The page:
Adler Sky Observing 101: What To See
Header Image: Milky Way from Middle Fork River Forest Preserve, Image Credit: Nick Lake, September 19, 2020.
Editor’s Note: This blog was originally published in June 2019 and was updated in April 2022 with more current information.
What’s There To See In Our Night Sky?
From moon phases to meteor showers, the Adler Planetarium has got you covered when it comes to knowing what to look for in the sky. Read our list below to get started!
Moon Phases & Eclipses
At all times, half of our Moon is lit by the Sun, just as half of the Earth is always lit by the Sun. As our Moon orbits the Earth every 29.5 days, the amount of the “lit part” that we can see changes. We call these the moon phases.
Check out this useful timetable to learn more about when the Moon rises, sets, and what Moon phase is currently happening.
Our Moon orbits the Earth every 29.5 days, and the Moon’s orbit with respect to the Earth is tilted just a bit. If you could see the shadow of the Earth cast into space, the orbiting Moon would usually appear to miss the Earth’s shadow, passing either just above it or just below it at the phase called Full Moon.
A lunar eclipse occurs when the Moon passes through the Earth’s shadow. A lunar eclipse is visible on Earth generally one or two times a year. Lunar eclipses are very accessible to everyone, as you need no special equipment to see them. If the eclipse is happening when the Moon is up above the horizon in your area, then just go outside and look for the Moon!
There are two parts to the Earth’s shadow—a lighter outer part and a darker inner part—so there are three possible types of lunar eclipses. First, if the Moon grazes the Earth’s shadow and only encounters the lighter outer shadow (called the penumbra) this is called a penumbral lunar eclipse.
If the Moon passes partly into the umbra, or the darker more central part of the Earth’s shadow, this is called a partial lunar eclipse. As the Moon encounters more and more of the shadow, you can see the curved shape of the Earth’s dark shadow on the Moon itself, while the rest of the Moon appears brighter.
If the Moon passes fully within the umbra, this is called a total lunar eclipse. At this point, the Moon can appear dusky orange, dusky red, dark gray, or it may almost appear to vanish completely. A few minutes to an hour or so later, the Moon begins to exit the umbra and then exit the penumbra. A total lunar eclipse can last up to a few hours from beginning to end.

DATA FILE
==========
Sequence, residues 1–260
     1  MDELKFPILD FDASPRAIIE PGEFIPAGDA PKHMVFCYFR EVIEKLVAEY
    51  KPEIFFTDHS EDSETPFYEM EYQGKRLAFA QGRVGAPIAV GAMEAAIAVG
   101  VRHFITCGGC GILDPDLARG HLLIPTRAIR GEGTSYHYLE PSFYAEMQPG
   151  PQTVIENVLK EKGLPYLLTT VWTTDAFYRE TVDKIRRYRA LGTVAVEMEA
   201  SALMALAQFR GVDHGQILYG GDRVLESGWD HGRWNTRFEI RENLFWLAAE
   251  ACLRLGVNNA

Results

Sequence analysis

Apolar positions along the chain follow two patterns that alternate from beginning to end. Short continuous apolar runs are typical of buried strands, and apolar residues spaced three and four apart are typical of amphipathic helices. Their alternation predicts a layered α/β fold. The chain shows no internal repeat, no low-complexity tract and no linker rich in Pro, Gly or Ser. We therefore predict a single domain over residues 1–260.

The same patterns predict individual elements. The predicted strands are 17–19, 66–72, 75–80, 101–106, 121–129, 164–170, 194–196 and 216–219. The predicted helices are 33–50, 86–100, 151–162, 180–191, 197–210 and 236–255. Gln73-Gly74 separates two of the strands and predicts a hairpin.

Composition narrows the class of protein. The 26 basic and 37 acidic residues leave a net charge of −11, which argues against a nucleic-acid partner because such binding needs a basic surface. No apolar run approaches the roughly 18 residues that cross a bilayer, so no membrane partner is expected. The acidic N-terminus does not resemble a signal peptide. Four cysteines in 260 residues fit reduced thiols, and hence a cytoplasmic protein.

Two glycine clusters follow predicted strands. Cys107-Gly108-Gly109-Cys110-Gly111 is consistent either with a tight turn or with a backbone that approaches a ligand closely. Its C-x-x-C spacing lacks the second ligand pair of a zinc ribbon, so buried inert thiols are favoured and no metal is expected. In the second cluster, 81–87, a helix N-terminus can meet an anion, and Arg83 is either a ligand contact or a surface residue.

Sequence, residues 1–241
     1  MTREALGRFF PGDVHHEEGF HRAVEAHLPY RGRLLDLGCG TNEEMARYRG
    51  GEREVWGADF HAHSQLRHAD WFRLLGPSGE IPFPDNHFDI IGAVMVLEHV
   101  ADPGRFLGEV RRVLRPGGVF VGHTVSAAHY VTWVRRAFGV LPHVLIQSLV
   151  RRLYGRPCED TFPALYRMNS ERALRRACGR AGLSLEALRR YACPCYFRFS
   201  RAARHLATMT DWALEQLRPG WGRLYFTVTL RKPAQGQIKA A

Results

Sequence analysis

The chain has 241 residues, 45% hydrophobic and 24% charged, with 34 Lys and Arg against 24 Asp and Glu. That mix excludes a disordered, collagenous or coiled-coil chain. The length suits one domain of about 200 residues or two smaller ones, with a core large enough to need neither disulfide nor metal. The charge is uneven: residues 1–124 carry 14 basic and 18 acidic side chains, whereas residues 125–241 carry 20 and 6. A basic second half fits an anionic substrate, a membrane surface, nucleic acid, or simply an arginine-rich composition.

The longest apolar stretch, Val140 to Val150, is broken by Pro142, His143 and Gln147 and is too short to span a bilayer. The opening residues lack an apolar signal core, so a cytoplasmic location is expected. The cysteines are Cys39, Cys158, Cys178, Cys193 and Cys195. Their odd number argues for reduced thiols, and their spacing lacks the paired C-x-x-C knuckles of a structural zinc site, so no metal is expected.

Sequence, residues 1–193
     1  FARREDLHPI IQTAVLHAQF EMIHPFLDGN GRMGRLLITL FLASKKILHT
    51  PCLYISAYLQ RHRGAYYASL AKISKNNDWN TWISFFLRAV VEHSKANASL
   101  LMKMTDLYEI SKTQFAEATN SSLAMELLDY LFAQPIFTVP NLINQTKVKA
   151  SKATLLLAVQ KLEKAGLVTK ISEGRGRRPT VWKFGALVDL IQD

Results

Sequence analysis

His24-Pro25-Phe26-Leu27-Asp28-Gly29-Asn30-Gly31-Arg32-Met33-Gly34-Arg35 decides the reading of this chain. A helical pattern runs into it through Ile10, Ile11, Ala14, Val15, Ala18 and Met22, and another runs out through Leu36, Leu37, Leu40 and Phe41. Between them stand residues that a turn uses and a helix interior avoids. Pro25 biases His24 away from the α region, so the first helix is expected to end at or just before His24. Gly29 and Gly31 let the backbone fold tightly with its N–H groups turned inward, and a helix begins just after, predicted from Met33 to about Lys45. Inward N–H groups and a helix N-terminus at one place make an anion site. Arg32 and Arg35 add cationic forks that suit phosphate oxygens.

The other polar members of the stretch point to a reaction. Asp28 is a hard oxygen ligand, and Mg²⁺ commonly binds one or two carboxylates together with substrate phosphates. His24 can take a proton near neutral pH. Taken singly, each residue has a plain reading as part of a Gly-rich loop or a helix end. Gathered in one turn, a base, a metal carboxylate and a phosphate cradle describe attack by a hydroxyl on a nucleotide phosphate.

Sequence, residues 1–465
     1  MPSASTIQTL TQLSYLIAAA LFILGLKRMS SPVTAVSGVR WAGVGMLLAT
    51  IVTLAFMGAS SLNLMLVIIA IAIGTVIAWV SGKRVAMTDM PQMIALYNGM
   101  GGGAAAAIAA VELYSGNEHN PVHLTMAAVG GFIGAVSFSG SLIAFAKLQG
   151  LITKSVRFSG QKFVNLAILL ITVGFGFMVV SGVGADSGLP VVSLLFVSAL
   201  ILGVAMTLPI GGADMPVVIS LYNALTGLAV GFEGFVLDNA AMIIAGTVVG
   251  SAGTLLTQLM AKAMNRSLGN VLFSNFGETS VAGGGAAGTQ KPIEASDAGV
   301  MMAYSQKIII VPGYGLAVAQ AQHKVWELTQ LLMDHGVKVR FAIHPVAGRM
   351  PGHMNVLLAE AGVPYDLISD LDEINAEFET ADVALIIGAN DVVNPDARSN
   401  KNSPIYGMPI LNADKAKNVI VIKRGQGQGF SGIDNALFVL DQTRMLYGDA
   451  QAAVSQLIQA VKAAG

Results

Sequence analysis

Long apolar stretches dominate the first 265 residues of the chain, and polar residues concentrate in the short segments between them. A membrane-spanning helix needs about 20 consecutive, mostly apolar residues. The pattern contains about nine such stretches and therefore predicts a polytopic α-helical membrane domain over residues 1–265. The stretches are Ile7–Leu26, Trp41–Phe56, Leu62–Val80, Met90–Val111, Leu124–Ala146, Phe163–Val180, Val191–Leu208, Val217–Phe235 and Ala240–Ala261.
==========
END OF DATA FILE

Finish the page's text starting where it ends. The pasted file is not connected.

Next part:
Here are the next several lunar eclipses visible from the Chicago area:
- May 15, 2022 (Total Lunar Eclipse) – From the Chicago area: 8:52 pm CT on May 15 to 1:50 am CT on May 16.
- November 8, 2022 (Total Lunar Eclipse) – From the Chicago area: 2:02 am CT to 6:40 am CT.
- March 24, 2024 (Penumbral Lunar Eclipse) – From the Chicago area: 11:53 pm CT on March 24 to 4:32 am CT on March 25. The Moon will only appear a bit more tan-colored or gray-colored, at most.
- September 17, 2024 (Penumbral Lunar Eclipse) – From the Chicago area: 7:41 pm CT to 11:47 CT. The Moon will appear a bit more tan-colored or gray-colored, with a small bit of curved dark shadow on one part.
Our Moon orbits the Earth every 29.5 days, and the Moon’s orbit with respect to the Earth is tilted just a bit. If you could see the Moon at the phase called New Moon—which normally is impossible from Earth due to the brightness of the Sun—the Moon would appear to miss the Sun, passing either just above it or just below it.
To look at the bright part of the Sun, you need proper solar viewing glasses or a properly filtered telescope. You should never look at the bright Sun because this could cause permanent eye damage. Never point an unfiltered telescope or your unfiltered eyes at the bright part of the Sun.
A solar eclipse occurs when the Moon passes between the Earth and the Sun, making a direct line between the Sun, Moon, and Earth. A solar eclipse is visible someplace on Earth generally one or two times a year. The Moon can either partially or completely block light from the Sun. If the Moon only blocks a bit of the Sun, leaving some of the bright part of the Sun visible, this is a partial solar eclipse. A partial solar eclipse can generally be seen from a fairly wide region on Earth, and partial solar eclipses can last from a few minutes to up to a few hours.